Tuesday, June 22, 2004

“The Point of it All”

““It’s all pointless; who cares what I do?”.

It was the first crisis of my young rabbinic career. I was 22 years old, and a summer intern at a California synagogue. I was on the phone with J.K., a young man who had attended several of my classes, when he started to tell me that his life was awful, his finances disastrous and his family bitterly dysfunctional. He was planning on solving all his problems by swallowing a bottle of aspirin. And he was confiding in me, (an extremely inexperienced Rabbi to-be), his grisly plan. (A call to the psychiatric hotline prevented J.K.’s suicide).

To this day, these words ring in my ears. I felt that I dropped the ball when I spoke to J.K.. With all my Rabbinic training, I wasn't able to answer a basic question: Why not commit suicide?

So let me try again.

Indeed, a long philosophical tradition endorses suicide for the distressed. The Stoic philosopher Epictetus writes: “Above all, remember that the door stands open. Do not be more fearful than children. But, just as when they are tired of the game they cry, "I will play no more," so too when you are in a similar situation, cry, "I will play no more" and depart”. Voltaire, Hume and Schopenhauer are all advocates of suicide. Today, Dr. Jack Kevorkian is the leader of those who believe in a “right to die”.

Philosophy aside, I get the gut feeling that a cavalier attitude towards suicide is often based on the nihilistic belief that “it’s all pointless”. If there’s no point to it all, there’s no reason to bother with a difficult life.

That’s why in Judaism there is no right to die. Life is a sacred gift, and we must survive, even in hellish conditions. Rabbi Ephraim Oshry, the Rabbi of the Kovno ghetto, was asked if it was permitted for someone to commit suicide rather than watch his family be murdered. Oshry’s response, (while filled with compassion), was absolutely not. Indeed, Oshry takes pride in the fact that there were few suicides in the Kovno ghetto, despite the enormous suffering.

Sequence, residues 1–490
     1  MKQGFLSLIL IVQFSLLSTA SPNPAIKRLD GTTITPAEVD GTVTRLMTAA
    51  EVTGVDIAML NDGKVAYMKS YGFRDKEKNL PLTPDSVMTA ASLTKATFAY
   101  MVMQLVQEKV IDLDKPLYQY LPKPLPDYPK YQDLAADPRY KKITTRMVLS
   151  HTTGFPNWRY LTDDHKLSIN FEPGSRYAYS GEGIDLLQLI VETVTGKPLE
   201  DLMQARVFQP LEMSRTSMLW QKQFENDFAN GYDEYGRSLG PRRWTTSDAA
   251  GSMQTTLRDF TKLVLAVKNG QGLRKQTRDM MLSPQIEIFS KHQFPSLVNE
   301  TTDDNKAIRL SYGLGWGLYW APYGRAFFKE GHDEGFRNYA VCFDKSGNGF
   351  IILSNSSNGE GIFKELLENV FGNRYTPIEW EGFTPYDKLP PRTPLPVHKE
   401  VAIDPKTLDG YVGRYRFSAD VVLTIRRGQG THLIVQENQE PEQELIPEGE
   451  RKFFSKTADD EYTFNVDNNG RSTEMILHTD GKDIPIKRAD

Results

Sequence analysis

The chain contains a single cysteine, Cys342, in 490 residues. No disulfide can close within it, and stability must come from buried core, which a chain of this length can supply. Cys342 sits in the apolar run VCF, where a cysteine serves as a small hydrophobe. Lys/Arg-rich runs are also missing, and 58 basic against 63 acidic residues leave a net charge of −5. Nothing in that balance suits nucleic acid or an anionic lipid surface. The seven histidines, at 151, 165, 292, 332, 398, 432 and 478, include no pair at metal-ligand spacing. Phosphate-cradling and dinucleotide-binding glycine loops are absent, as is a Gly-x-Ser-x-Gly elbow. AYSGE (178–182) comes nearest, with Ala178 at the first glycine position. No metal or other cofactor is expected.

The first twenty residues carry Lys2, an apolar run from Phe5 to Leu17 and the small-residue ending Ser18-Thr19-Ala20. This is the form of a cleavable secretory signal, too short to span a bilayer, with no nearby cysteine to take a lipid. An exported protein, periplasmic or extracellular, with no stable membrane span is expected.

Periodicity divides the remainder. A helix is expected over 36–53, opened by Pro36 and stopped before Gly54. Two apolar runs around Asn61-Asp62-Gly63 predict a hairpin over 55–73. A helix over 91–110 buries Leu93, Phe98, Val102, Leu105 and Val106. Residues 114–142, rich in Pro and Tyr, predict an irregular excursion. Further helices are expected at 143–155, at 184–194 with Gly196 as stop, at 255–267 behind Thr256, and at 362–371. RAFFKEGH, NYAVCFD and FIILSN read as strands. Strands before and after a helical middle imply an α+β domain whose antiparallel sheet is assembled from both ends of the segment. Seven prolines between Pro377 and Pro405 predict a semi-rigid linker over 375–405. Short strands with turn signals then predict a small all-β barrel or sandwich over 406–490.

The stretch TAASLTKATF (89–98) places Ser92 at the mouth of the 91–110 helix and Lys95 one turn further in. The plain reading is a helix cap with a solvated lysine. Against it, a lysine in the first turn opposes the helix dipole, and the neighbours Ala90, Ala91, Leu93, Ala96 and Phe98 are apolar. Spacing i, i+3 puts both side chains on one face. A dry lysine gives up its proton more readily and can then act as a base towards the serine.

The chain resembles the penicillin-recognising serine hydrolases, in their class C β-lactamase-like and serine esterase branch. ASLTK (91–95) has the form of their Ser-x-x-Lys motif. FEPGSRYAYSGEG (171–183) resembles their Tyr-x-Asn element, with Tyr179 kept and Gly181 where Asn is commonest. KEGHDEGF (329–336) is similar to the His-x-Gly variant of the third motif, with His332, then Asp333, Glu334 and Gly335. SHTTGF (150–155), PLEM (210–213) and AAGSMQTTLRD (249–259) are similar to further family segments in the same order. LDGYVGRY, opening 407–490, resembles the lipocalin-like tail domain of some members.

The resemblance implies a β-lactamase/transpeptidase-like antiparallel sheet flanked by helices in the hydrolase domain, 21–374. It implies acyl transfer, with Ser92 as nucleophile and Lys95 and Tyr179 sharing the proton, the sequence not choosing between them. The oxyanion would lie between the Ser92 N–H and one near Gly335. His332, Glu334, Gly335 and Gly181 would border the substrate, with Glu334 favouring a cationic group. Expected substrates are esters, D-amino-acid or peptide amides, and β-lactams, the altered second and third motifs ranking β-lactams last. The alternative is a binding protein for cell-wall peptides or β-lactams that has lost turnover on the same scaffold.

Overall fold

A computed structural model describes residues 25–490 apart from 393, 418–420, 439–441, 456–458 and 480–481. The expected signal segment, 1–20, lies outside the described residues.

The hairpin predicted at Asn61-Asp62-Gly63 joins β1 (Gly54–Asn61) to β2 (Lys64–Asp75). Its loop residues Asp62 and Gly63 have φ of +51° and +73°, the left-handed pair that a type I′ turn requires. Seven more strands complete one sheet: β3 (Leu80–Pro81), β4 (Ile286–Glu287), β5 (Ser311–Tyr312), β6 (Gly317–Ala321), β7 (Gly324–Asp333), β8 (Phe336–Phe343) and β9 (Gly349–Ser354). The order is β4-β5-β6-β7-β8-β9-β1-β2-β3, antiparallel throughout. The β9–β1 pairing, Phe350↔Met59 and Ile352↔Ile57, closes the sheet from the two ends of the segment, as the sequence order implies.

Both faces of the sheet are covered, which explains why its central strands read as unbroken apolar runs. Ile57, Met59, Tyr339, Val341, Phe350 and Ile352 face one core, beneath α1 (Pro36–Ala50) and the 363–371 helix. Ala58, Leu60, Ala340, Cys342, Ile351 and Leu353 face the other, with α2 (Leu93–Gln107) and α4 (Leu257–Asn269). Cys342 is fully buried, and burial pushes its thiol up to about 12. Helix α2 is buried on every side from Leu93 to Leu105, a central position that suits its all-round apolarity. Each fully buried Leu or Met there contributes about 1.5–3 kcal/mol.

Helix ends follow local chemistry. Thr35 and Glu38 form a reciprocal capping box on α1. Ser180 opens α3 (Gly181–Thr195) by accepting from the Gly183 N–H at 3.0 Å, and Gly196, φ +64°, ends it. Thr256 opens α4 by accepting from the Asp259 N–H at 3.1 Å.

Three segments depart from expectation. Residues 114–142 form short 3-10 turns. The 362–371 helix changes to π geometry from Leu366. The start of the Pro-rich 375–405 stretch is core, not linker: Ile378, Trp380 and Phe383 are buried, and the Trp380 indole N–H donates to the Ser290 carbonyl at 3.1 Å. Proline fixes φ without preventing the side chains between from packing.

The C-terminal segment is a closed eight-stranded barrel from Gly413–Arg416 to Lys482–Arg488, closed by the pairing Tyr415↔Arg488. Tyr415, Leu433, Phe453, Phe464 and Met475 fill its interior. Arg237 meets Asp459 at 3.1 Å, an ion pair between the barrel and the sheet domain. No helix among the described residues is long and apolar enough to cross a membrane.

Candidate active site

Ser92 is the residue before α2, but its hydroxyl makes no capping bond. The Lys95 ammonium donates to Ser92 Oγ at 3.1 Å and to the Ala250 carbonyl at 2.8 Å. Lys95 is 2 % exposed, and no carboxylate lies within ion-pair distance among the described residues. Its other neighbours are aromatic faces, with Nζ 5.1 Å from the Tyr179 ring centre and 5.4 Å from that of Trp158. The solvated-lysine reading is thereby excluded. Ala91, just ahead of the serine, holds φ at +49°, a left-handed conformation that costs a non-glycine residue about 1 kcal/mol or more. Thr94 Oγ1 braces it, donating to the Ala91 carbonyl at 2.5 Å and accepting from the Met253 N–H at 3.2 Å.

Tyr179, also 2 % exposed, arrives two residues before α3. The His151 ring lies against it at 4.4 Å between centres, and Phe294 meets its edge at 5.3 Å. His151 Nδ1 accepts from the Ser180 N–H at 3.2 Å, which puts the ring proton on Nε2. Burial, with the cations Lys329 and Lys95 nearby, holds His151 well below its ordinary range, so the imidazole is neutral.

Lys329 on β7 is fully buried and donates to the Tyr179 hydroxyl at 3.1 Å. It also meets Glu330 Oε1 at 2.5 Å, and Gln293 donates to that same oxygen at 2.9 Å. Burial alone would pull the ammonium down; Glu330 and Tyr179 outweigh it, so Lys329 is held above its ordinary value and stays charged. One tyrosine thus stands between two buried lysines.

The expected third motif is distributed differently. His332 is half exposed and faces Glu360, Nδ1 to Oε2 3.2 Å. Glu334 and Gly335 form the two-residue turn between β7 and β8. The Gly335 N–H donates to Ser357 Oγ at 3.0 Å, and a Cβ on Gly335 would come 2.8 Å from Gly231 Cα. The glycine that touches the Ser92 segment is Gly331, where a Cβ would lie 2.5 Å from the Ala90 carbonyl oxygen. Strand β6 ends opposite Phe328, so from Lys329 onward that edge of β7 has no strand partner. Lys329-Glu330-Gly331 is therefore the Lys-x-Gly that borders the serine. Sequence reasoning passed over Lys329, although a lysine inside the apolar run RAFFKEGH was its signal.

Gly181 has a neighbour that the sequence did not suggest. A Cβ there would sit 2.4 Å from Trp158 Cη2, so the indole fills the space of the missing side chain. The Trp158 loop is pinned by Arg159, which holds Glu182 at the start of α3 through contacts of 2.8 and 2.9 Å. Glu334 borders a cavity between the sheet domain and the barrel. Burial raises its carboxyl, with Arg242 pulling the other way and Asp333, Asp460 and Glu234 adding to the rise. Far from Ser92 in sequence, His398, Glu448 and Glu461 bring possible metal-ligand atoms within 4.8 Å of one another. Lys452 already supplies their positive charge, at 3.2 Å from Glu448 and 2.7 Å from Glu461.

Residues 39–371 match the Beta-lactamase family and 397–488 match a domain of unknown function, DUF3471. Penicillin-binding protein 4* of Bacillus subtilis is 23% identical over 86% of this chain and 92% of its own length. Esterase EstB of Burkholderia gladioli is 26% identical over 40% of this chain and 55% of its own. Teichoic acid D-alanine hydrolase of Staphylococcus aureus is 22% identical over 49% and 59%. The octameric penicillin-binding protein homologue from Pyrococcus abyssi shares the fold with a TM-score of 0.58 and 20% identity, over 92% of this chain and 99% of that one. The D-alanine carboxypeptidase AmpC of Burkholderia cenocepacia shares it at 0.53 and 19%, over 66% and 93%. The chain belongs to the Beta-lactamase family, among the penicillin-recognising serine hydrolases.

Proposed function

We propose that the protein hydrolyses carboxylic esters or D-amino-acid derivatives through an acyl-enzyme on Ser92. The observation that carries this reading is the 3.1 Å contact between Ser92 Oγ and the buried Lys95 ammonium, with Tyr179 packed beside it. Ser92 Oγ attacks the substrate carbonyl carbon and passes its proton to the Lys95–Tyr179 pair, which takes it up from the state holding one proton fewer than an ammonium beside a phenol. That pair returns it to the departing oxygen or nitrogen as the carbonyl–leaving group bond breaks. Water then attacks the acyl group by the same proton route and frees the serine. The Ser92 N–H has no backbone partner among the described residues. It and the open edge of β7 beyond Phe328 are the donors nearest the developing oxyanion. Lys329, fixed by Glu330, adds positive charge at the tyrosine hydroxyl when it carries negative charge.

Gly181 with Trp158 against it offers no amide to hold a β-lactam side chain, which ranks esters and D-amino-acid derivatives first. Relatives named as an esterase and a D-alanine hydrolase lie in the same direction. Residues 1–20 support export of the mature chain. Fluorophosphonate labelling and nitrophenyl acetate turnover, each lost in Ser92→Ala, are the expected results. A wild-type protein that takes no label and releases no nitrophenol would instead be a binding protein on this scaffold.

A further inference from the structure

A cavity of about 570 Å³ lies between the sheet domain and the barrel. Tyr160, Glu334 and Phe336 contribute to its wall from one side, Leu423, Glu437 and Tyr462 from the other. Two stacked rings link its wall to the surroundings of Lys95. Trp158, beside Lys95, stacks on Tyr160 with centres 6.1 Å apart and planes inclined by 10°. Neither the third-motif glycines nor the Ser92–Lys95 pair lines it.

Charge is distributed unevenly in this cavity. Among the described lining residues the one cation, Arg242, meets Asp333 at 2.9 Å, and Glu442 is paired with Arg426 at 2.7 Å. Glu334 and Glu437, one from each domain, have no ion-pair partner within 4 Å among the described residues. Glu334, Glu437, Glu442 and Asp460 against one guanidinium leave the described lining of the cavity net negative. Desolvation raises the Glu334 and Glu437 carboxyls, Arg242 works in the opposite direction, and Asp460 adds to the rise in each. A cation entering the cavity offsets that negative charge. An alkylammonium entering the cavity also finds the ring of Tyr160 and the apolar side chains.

Now life in the Kovno ghetto was pure torture. So why is Oshry so fanatical about suicide? Because he realized the value of life. The economics of suicide ordain that life is less valuable than suffering. And that is simply not true. If there is one lesson of Jewish history, it is that a life filled with ideals is worthwhile, even at the cost of suffering. That is why we still have Jews today, despite generations of persecution.

So, this is my belated response to J.K.

Rabbi Oshry and his compatriots suffered more than anyone else in history. Yet, despite their suffering, they persevered because they knew that the future of humanity depends on people who follow their ideals, no matter what the cost.

J.K., that’s the point of it all: idealism. Because life in the service of ideals is worthwhile, despite the suffering.

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